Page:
Coffee is not native and relatively new to the landlocked East African nation of Rwanda. First introduced in 1904 by the German colonist, it took another three decades before coffee production began to take off under Belgian rule.
The Belgian Colonial government focused on ramping up quantity as much as possible, and as a result Rwandan coffee was notoriously low quality at the time.
Even after gaining independence in 1962, the coffee industry continued to suffer through the 1980’s economic crisis and the subsequent tragic Rwandan Genocide of 1994 where 800,000 people were murdered in just 100 days.
From this unimaginable destruction, Rwanda has underwent a rapid era of rejuvenation with its economy growing steadily at 7% every year, earning a reputation as one of Africa’s fastest-growing economies.
Coffee production, along with tea exports and tourism, has been a key driver of this economic growth and stability.
This near-miracle has taken place due in part to strong governmental support, trade rules that facilitate exporting, and international investment from NGOs and private companies.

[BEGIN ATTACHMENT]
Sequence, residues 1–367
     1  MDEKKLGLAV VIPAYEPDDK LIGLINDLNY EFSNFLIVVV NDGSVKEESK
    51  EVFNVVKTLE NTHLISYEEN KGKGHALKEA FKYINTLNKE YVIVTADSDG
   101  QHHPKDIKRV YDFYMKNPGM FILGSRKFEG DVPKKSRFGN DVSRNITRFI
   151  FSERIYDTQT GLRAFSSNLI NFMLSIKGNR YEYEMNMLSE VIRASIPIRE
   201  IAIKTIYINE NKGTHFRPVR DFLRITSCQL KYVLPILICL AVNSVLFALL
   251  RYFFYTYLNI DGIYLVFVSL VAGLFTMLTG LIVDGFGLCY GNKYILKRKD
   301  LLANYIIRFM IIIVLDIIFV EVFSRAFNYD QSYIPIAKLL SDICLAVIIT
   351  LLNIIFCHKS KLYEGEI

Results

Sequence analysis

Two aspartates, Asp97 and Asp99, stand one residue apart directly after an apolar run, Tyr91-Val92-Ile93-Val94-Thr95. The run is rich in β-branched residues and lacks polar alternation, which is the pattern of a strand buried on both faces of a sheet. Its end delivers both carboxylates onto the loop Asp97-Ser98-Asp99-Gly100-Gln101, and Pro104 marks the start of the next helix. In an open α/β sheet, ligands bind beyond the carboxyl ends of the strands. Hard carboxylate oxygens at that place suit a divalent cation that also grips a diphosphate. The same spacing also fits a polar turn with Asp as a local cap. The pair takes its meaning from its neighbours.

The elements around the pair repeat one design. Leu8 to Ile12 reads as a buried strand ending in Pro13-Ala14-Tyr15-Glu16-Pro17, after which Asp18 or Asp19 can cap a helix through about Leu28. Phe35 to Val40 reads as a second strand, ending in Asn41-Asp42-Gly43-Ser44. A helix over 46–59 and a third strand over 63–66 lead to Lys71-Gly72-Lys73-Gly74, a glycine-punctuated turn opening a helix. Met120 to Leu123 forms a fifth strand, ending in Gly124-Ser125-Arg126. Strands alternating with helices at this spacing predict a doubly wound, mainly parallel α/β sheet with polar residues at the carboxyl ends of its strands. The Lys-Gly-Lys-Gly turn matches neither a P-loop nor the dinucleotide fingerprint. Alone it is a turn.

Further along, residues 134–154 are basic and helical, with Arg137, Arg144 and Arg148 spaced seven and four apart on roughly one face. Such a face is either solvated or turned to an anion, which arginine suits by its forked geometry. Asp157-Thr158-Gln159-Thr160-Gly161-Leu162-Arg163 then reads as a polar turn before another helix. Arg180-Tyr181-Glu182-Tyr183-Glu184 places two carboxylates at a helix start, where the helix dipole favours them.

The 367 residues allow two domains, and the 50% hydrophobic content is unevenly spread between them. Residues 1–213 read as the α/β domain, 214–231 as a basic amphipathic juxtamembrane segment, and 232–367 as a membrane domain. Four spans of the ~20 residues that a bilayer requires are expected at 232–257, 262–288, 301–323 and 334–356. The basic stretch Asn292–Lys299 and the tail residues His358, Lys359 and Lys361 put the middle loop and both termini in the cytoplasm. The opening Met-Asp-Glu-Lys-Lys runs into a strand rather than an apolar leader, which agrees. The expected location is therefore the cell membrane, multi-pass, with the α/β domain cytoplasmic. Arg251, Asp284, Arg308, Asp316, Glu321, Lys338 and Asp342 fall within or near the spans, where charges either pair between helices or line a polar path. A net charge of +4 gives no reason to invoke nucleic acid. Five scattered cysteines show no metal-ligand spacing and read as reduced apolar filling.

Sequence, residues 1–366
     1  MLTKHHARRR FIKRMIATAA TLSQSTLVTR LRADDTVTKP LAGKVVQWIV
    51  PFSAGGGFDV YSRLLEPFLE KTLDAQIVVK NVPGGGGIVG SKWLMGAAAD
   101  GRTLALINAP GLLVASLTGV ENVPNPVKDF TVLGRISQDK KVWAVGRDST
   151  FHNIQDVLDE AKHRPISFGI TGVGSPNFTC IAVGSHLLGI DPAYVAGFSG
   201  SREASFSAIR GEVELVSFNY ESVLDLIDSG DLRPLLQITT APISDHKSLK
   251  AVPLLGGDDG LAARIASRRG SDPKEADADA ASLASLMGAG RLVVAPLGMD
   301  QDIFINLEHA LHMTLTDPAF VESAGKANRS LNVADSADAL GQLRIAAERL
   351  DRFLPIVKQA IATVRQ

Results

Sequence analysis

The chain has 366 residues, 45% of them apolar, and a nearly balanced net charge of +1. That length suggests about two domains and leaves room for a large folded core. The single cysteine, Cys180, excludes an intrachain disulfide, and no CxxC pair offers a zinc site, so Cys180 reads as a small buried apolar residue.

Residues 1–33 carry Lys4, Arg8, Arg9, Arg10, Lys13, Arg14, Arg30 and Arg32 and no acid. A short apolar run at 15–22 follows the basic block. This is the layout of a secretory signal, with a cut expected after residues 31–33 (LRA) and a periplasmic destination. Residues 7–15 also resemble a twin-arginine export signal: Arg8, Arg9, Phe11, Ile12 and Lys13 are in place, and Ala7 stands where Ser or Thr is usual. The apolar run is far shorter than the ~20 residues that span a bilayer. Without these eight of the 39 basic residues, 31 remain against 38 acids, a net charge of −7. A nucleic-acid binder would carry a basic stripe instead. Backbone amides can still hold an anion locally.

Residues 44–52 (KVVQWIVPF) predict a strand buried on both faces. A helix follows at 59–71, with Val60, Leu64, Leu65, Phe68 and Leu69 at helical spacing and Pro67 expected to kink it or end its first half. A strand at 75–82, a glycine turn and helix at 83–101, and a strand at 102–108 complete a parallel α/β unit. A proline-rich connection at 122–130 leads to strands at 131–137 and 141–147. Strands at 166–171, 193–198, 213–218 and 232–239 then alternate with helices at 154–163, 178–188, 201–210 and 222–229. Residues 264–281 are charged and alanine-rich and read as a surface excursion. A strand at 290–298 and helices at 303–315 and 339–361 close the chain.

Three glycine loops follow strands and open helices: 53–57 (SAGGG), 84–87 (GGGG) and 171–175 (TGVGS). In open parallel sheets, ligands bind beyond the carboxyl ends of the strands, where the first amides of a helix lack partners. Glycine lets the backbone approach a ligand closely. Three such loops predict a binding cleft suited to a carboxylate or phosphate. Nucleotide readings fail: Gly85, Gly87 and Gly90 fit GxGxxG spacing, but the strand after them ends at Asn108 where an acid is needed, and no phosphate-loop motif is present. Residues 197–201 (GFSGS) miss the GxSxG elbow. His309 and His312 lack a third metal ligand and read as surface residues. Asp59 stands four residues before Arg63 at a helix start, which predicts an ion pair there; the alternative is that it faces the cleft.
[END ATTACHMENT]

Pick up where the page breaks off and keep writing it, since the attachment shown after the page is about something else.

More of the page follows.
Coffee Production in Rwanda
Today, while Rwanda produces only less than 1% of the world coffee market, they have strategically positioned themselves as one of the ‘go to’ origins for specialty coffee with their continued efforts on improving production and processing practices.
The majority of its coffee is grown by small-scale farmers and their families, most of whom own less than quarter a hectare of land each. Coffee are mainly grown as a part-time gig, with the rest of their farms generally used to grow food.
Coffee harvested from these small farms are then wet processed by communal washing stations which have played a vital role in raising the quantity and quality of Rwandan coffee as a whole.
Almost all of Rwanda’s coffee is Arabica, of which majority are Bourbon and its descending varieties. This is closely guarded by the country’s authority, which guides variety introduction to protect the country’s market.
One of the recurring characteristics of Rwandan coffee is its rich, creamy body and silky texture.
The acidity levels are generally high and bright, similar to other high grown African coffee and also likely to carry hints of floral and fruity flavors reminiscent of Ethiopian coffees.